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The Good Dog's Guide to Gardening

10/10/2015 7:53 AM AEDT | Updated 15/07/2016 12:50 PM AEST
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Autumn and my dog.

So, we've spoken about sleeping in the human bed and travelling in the car, but being a super little companion dog, something else I really like doing with my person is garden.

And I think I'm pretty ace at it. At least that's what she tells me. She's always saying 'good dog'. Admittedly, prefaced with the words, 'Now why don't you be a...'? But I distinctly heard the words 'good dog' in there, which must mean I'm awesome. So to help all the canine conservationists out there, here are my top tips on gardening:

Weeding: I love weeding. It's where we pull stuff out of the dirt and put it in a pile so new edible stuff can go into the dirt. (I'll get to manure in a bit. You didn't think I meant vegetables, did you?). My person stacks her weeds up in a pile. I find she leaves some patches of the yard a bit bare, so my advice is pull a few weeds off the pile and drag them around the yard, leaving them where it's more aesthetically pleasing to you.

Digging: It's instinct, okay! And I see my person doing it. Especially on those nice raised veggie plots she made. Which, incidentally, are great for hiding toys in, not for keeping dogs out. Why would you even do that? The lettuce looked cold, which I why I jumped up and lay on it. Body heat. You're always worried about frost. What is squash anyway? Isn't that like a zucchini? Anyway, I digress. If you gave me a little more guidance on your preferred digging locations we wouldn't have any issues.

Mulching: It keeps the moisture in the soil to make it easier for digging. Also great fun. My preference is for sugar-cane mulch. Being a black and white dog, when I roll in it I look kind of like a coconut-covered Lamington. Hilarious! This is an outside game though because it takes ages to get all the pieces out of the carpet, apparently.

Fertilizer: Moo-poo. Or chicken. I'm not fussy. Great for the soil, the veggies and it must be good for my coat. Nutrient rich! (It says it right there on the bag.) And I am happy to help sort through the compost from the bin to find things that haven't broken down and need a bit more chewing, such as egg shells. Seasol and any fish-based emulsion is the nectar of the gods. Make sure you get some of that -- either by drinking straight from the watering can or rolling on the freshly watered plants. Oh yeah. If you drink it -- try to kiss your person to share the joy.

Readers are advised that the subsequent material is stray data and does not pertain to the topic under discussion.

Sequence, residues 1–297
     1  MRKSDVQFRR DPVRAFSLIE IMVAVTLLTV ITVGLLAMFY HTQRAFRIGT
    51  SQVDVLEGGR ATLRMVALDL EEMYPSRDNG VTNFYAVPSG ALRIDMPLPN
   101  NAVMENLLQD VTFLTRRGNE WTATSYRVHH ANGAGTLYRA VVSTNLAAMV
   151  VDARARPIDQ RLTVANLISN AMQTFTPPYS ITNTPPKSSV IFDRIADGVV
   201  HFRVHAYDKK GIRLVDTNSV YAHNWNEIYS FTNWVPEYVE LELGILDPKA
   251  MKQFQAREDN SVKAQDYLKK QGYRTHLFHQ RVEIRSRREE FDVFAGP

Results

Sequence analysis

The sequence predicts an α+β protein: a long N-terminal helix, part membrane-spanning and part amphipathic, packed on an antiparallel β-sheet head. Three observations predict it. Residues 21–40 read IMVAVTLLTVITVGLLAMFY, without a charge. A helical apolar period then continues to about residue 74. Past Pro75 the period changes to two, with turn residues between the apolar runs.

Pruning and Picking: I can help with this! With my teeth. Who amongst your friends wouldn't want spinach with delicate little dog-bite shaped edges. It's pretty. You don't need negative people like that in your life -- and dogs are an excellent judge of character. Also, I'm great at picking cherry tomatoes, cherries, blackberries and strawberries. Sometimes they accidentally fall into my stomach... but the object is just to get them off the tree, right?

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Leaf Piles: In a word... pounce! Oh yeah. He jumps, he lands, the leaves go wild! And so will your human if they've just spent ages raking them up. If you do a good jump they'll be so excited they'll likely shake the rake to the heavens as they admire your athleticism and yell your name. Then, they'll rake the leaves up for you again so you can repeat the fun!

The Hose: In the situation of bath-time it is my natural-born enemy. I much prefer a temperate wash with luxury shampoo in the laundry tub. But in the heat of summer, the hose is like the doggy equivalent of a champagne fountain. I also like to chase the water. Dogs, if you get wet doing this, you should race your human into the house to get a towel. Apparently it's pretty urgent to dry you off. Help them out by wiping yourself on the rug a little. They love that.

Wheelbarrow: Evil. Like a really big dog but doesn't do dog things like eat and poop. Has wheels, not paws. Bark at it. Tell it who's boss.

Birds: Yes I see them eating your fruit, and I will bark and chase them away. Except when I'm asleep in the newly maintained garden beds, which to be honest is a lot of the time. So maybe there's a gap in this plan. Maybe get the bird-nets. The end result will be the same.

So, furry friends, as you can see, we are pretty much indispensable in the garden. Look at all the garden shows on TV -- they all have dogs. Because humans would get this wrong without us.

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